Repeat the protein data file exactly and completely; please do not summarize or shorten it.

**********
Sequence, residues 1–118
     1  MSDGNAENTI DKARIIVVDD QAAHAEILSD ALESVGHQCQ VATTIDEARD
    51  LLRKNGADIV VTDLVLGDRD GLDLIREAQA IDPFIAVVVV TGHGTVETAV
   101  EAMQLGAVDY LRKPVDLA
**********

Sequence, residues 1–118
     1  MSDGNAENTI DKARIIVVDD QAAHAEILSD ALESVGHQCQ VATTIDEARD
    51  LLRKNGADIV VTDLVLGDRD GLDLIREAQA IDPFIAVVVV TGHGTVETAV
   101  EAMQLGAVDY LRKPVDLA